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Archimedes principle and buoyant force

Introduction to Archimedes' principle and buoyant force. Created by Sal Khan.
Video transcript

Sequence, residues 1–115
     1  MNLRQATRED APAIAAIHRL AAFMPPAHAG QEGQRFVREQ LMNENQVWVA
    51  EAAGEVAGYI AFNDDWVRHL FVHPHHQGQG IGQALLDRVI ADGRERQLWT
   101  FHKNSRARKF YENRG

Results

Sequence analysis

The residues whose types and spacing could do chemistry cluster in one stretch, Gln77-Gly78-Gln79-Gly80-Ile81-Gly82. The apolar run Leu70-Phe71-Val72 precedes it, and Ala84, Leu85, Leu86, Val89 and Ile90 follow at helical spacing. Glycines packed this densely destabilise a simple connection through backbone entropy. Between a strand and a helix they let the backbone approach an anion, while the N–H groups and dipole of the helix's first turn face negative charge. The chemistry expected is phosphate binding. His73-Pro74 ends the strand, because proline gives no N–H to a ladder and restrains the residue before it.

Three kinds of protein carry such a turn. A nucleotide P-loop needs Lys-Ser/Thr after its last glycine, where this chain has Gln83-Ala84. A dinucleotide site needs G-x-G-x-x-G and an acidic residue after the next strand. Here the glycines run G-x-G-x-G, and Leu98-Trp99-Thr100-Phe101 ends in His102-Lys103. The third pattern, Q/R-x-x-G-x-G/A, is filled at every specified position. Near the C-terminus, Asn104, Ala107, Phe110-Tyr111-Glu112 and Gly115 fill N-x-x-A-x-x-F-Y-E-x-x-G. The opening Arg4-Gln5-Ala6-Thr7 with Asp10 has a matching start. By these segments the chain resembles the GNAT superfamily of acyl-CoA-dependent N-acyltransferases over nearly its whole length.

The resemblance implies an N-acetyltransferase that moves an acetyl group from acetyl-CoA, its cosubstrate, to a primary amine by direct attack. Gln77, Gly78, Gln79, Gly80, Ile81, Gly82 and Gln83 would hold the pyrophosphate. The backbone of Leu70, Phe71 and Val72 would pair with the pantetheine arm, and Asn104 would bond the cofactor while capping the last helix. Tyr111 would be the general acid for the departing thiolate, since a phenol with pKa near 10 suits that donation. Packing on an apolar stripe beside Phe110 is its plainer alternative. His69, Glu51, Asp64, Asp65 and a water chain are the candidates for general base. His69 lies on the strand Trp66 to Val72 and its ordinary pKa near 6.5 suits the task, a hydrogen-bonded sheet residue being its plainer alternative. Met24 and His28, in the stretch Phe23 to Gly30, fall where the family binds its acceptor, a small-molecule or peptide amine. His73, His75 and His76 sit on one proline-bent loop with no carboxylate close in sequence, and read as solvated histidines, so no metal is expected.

Let's say we have a cup of water. Let me draw the cup. This is one side of the cup, this is the bottom of the cup, and this is the other side of the cup. Let me say that it's some liquid. It doesn't have to be water, but some arbitrary liquid. It could be water. That's the surface of it. We've already learned that the pressure at any point within this liquid is dependent on how deep we go into the liquid. One point I want to make before we move on, and I touched on this a little bit before, is that the pressure at some point isn't just acting downwards, or it isn't just acting in one direction. It's acting in all directions on that point. So although how far we go down determines how much pressure there is, the pressure is actually acting in all directions, including up. The reason why that makes sense is because I'm assuming that this is a static system, or that the fluids in this liquid are stationary, or you even could imagine an object down here, and it's stationary. The fact that it's stationary tells us that the pressure in every direction must be equal. Let's think about a molecule of water. A molecule of water, let's say it's roughly a sphere. If the pressure were different in one direction or if the pressure down were greater than the pressure up, then the object would start accelerating downwards, because its surface area pointing upwards is the same as the surface area pointing downwards, so the force upwards would be more. It would start accelerating downwards. Even though the pressure is a function of how far down we go, at that point, the pressure is acting in every direction. Let's remember that, and now let's keep that in mind to learn a little bit about Archimedes' principle. Let's say I submerge a cube into this liquid, and let's say this cube has dimensions d, so every side is d. What I want to do is I want to figure out if there's any force or what is the net force acting on this cube due to the water? Let's think about what the pressure on this cube is at different points. At the depths along the side of the cube, we know that the pressures are equal, because we know at this depth right here, the pressure is going to be the same as at that depth, and they're going to offset each other, and so these are going to be the same. But one thing we do know, just based on the fact that pressure is a function of depth, is that at this point the pressure is going to be higher-- I don't know how much higher-- than at this point, because this point is deeper into the water. Let's call this P1. Let's call that pressure on top, PT, and let's call this point down here PD. No, pressure on the bottom, PB. What's going to be the net force on this cube? The net force-- let's call that F sub N-- is going to be equal to the force acting upwards on this object. What's the force acting upwards on the object? It's going to be this pressure at the bottom of the object times the surface area at the bottom of the object. What's the surface area at the bottom of the object? That's just d squared. Any surface of a cube is d squared, so the bottom is going to be d squared minus-- I'm doing this because I actually know that the pressure down here is higher than the pressure here, so this is going to be a larger quantity, and that the net force is actually going to be upwards, so that's why I can do the minus confidently up here-- the pressure at the top. What's the force at the top? The force at the top is going to be the pressure on the top times the surface area of the top of the cube, right, times d squared. We can even separate out the d squared already at that point, so the net force is equal to the pressure of the bottom minus the pressure of the top, or the difference in pressure times the surface area of either the top or the bottom or really any of the sides of the cube. Let's see if we can figure what these are. Let's say the cube is submerged h units or h meters into the water. So what's the pressure at the top? The pressure at the top is going to be equal to the density of the liquid-- I keep saying water, but it could be any liquid-- times how far down we are. So we're h units down, or maybe h meters, times gravity. And what's the pressure the bottom? The pressure at the bottom similarly would be the density of the liquid times the depth, so what's the depth? It would be this h and then we're another d down. It's h plus d-- that's our total depth-- times gravity. Let's just substitute both of those back into our net force. Let me switch colors to keep from getting monotonous. I get the net force is equal to the pressure at the bottom, which is this. Let's just multiply it out, so we get p times h times g plus d times p times g. I just distributed this out, multiplied this out. That's the pressure at the bottom, then minus the pressure at the top, minus phg, and then we learned it's all of that times d squared. Immediately, we see something cancels out. phg, phg subtract. It cancels out, so we're just left with-- what's the net force? The net force is equal to dpg times d squared, or that equals d cubed times the density of the liquid times gravity. Let me ask you a question: What is d cubed? d cubed is the volume of this cube. And what else is it? It's also the volume of the water displaced. If I stick this cube into the water, and the cube isn't shrinking or anything-- you can even imagine it being empty, but it doesn't have to be empty-- but that amount of water has to be moved out of the way in order for that cube to go in. This is the volume of the water displaced. It's also the volume of the cube. This is the density-- I keep saying water, but it could be any liquid-- of the liquid. This is the gravity. So what is this? Volume times density is the mass of the liquid displaced, so the net force is also equal to the mass of liquid displaced. Let's just say mass times gravity, or we could say that the net force acting on this object is-- what's the mass of the liquid displaced times gravity? That's just the weight of liquid displaced. That's a pretty interesting thing. If I submerge anything, the net force acting upwards on it, or the amount that I'm lighter by, is equal to the weight of the water being displaced. That's actually called Archimedes' principle. That net upward force due to the fact that there's more pressure on the bottom than there is on the top, that's called the buoyant force. That's what makes things float. I'll leave you there to just to ponder that, and we'll use this concept in the next couple of videos to actually solve some problems. I'll see you soon.